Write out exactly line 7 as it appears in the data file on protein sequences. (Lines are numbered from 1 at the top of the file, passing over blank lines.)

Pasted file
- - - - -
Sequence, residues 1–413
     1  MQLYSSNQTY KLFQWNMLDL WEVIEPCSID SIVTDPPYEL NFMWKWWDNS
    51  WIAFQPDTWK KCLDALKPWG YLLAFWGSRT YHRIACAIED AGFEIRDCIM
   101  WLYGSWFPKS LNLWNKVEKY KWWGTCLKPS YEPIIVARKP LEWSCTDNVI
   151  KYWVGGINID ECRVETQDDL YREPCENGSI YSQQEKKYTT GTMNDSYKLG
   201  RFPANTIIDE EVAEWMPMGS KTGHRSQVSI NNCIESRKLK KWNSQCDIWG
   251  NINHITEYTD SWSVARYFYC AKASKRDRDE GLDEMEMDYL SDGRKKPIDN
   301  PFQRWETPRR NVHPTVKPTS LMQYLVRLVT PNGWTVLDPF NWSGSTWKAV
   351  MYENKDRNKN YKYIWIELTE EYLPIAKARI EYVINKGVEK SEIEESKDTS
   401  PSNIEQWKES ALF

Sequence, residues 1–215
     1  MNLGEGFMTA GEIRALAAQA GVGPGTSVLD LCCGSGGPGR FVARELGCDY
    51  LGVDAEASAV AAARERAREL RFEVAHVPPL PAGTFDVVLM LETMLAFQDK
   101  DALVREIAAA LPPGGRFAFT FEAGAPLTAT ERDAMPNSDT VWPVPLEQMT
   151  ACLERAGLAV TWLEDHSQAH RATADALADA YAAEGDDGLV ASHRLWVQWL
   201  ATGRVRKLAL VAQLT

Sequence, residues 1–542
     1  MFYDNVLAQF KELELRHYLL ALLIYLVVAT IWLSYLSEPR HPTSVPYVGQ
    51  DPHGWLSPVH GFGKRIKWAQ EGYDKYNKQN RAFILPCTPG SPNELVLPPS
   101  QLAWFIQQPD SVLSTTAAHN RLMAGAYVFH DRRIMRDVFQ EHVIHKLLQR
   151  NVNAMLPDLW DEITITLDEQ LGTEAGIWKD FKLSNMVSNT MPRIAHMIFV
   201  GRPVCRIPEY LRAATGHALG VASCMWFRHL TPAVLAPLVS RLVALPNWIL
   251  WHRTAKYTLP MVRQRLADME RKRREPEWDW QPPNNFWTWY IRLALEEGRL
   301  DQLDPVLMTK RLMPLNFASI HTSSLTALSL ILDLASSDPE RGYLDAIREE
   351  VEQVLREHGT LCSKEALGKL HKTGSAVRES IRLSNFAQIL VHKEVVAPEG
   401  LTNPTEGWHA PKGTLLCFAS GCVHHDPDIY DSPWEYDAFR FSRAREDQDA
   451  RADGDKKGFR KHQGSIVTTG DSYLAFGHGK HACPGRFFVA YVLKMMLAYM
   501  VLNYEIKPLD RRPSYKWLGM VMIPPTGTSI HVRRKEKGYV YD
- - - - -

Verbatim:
   251  NINHITEYTD SWSVARYFYC AKASKRDRDE GLDEMEMDYL SDGRKKPIDN